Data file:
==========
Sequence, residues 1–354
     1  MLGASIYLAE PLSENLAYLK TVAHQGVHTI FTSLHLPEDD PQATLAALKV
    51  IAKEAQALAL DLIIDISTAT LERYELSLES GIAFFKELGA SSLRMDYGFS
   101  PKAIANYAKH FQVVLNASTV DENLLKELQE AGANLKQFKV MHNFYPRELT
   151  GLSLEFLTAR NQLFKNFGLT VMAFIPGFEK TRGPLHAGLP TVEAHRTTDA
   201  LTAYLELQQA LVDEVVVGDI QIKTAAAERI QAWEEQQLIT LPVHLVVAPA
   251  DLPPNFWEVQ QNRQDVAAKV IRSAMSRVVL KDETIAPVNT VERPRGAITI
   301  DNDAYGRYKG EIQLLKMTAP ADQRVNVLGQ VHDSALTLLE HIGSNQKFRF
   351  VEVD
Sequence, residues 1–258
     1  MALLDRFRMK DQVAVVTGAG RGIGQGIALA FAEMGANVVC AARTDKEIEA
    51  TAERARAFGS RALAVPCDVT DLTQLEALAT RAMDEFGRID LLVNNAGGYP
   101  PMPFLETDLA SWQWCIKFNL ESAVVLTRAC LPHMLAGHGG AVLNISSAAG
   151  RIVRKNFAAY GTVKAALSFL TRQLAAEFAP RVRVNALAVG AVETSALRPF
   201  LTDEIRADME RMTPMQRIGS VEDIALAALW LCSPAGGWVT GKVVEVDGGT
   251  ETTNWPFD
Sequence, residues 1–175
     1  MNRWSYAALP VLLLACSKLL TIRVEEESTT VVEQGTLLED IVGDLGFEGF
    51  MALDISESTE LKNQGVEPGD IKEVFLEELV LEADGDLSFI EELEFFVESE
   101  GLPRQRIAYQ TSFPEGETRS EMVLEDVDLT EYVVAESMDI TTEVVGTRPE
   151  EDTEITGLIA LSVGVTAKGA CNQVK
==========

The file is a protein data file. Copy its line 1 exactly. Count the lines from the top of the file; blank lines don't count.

Sequence, residues 1–354